WINNIPEG -- A new report looking at methamphetamine use in Winnipeg’s West Broadway neighbourhood is calling for additional safe spaces, support services and mental health resources for those experiencing addiction.

The report, titled ‘The West Broadway Community Methamphetamine Strategy,’ was created as partnership between the West Broadway Directors Network (WBDN) and the Manitoba Research Alliance.

The goals of this strategy are to facilitate a cohesive approach between various community organizations in addressing the risks and harms of methamphetamine use; create a tool that can help community members identify resources and procedures when connecting with people who use methamphetamine; and provide a systematic assessment to identify service and policy gaps.

The WBDN also wanted the strategy to be informed by those in the neighbourhood with lived experiences.

“The West Broadway Strategy aims to present a framework specific to the needs of the community that involves the voices of those who have been omitted thus far—people who use drugs,” the report says.

“The strategy intends to destigmatize those who use methamphetamine, provide a platform for their stories, and demonstrate that the “meth crisis” in Winnipeg is actually much more complicated than just a crisis of methamphetamine itself.”

During the process of creating the report, those involved completed one-on-one interviews and surveys with 25 people who use methamphetamine, as well as 20 business owners and community service organizations. They also examined best practices from other places experiencing similar issues and built on past community-based research and initiatives in the city.

They also created a community asset map to identify resources that already exist in West Broadway and came up with government and system-level recommendations.


In the report, the WBDN identified five gaps that show issues in terms of awareness and support for those who use methamphetamine.

These gaps include:

  • Housing with support – The report notes that many people who use methamphetamine, as well services providers, said they felt the West Broadway area was missing housing with supports. The only supportive housing that currently exists in the neighbourhood are small, abstinence- based, and have long wait times.
  • 24-hour safe spaces – According to the report, the conversations with the methamphetamine users showed a need for 24-hour safe spaces that provide support and services to people experiencing homelessness, substance abuse and mental health issues.
  • Mental health supports that help with trauma – Both the methamphetamine users and service providers told the interviewers that intergenerational trauma is a precursor to meth use. The representatives from the community-based organizations said they don’t have the expertise of funding to provide the type of support that’s required for a lot of their participants.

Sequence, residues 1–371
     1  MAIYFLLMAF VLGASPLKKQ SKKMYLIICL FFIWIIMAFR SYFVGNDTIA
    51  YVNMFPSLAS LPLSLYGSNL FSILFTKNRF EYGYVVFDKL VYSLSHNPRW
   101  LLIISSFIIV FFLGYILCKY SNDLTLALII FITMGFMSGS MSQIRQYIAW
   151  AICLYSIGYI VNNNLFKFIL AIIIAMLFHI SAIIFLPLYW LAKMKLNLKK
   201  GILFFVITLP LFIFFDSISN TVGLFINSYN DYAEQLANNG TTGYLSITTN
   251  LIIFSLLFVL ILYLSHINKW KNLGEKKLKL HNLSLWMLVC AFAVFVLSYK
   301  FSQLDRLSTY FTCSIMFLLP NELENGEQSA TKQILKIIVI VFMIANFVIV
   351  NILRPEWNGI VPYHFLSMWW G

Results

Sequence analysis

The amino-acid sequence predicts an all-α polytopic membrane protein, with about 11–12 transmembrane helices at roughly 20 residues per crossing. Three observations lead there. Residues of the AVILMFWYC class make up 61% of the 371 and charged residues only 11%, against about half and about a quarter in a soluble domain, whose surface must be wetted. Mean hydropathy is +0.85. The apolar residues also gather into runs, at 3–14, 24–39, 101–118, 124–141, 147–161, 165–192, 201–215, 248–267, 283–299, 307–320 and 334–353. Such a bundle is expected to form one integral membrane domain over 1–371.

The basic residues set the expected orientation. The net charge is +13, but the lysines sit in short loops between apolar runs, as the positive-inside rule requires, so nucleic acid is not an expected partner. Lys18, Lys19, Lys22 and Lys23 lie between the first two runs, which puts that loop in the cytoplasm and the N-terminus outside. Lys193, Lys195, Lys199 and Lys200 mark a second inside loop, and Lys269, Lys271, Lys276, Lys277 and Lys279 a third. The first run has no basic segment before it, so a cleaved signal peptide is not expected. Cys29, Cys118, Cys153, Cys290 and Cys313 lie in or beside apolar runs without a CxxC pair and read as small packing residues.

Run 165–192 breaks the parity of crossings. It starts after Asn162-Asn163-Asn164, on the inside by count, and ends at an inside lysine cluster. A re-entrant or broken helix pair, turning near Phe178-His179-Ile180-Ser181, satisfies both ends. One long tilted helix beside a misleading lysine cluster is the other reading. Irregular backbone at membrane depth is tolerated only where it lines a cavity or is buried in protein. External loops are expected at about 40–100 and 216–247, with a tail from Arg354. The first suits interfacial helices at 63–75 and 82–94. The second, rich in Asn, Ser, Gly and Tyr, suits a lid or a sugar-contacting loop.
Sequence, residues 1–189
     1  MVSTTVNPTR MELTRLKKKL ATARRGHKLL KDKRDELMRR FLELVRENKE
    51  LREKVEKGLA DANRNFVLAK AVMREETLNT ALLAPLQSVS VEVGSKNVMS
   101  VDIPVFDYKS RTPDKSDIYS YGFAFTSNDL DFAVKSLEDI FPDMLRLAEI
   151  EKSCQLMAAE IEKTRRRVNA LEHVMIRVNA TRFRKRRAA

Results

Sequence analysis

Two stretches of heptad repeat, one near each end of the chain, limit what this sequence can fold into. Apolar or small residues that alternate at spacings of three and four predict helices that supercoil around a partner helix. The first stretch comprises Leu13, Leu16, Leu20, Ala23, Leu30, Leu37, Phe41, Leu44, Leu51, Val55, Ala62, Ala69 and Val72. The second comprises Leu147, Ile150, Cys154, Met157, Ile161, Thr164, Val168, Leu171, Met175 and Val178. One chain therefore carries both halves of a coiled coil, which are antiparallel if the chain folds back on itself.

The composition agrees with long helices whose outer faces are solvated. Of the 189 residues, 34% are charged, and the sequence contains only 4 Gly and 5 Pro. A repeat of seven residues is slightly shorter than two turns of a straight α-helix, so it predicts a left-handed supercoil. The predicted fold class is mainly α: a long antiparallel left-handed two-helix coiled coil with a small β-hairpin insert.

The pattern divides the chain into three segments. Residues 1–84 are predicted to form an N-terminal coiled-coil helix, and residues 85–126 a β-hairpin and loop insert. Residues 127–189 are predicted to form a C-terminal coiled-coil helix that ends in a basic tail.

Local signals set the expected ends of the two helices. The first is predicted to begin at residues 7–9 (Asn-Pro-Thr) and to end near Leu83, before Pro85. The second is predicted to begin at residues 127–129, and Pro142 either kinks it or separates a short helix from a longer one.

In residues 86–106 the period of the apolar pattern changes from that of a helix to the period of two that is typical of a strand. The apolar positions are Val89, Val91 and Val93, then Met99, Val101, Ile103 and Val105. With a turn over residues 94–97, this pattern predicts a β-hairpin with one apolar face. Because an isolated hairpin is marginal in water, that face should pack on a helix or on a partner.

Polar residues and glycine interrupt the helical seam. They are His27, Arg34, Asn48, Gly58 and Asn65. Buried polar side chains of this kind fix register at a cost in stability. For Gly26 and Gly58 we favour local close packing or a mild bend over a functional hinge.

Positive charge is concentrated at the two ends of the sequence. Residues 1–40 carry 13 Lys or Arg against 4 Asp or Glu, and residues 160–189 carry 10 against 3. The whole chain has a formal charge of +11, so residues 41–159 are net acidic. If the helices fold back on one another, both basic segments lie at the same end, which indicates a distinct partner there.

• Fair representation – The report notes that all community members said that the media presents a shallow representation of the situation. Those interviewed described many facets of the issue that are missing from the media, including the fact that people from all different communities and income brackets use crystal meth. The report also notes the term ‘crisis’ is used with “superficial analysis.”
  • Public Education – Those interviewed told researchers the public is uneducated on the issue; however, it’s not the public’s fault. The reports said that meth users want their communities to learn about the root causes and sociocultural context of methamphetamine use in West Broadway.


The report also provides a number of recommendations aimed at complementing and building on the research in the report. They are also intended to align with the work that’s already being done by others to help with Winnipeg’s response to methamphetamine. 

The six actions recommended in the report are:

  • Forming a West Broadway Community Strategy Team;
  • Creating a Community Capacity Hub within the WBDN membership;
  • Asking all levels of government to take responsibility for the methamphetamine issue, and invest in substance-use support options;
  • Look into the acquisition of available public facilities or privately listed buildings to turn into a 24/7 safe space, as well as supported housing units;
  • Call on the City of Winnipeg and the province to create a comprehensive harm reduction strategy that has clear targets and timelines; and
  • Create a streamlined partnership with health service providers to address the mental health gaps.

“In our conversations with all interviewees, a loud chord was struck for increasing human connection, acceptance, and empathy, and the need for balanced approaches reverberated through all interviews,” the report said.

“Respondents asserted that if politicians, policy-makers, and the public could begin to participate in a practice of anti-oppression, detach themselves from the hook of moral panic, and choose a process of fighting against stigma and resisting stereotypes, many of the gaps articulated through this study would naturally begin to narrow.”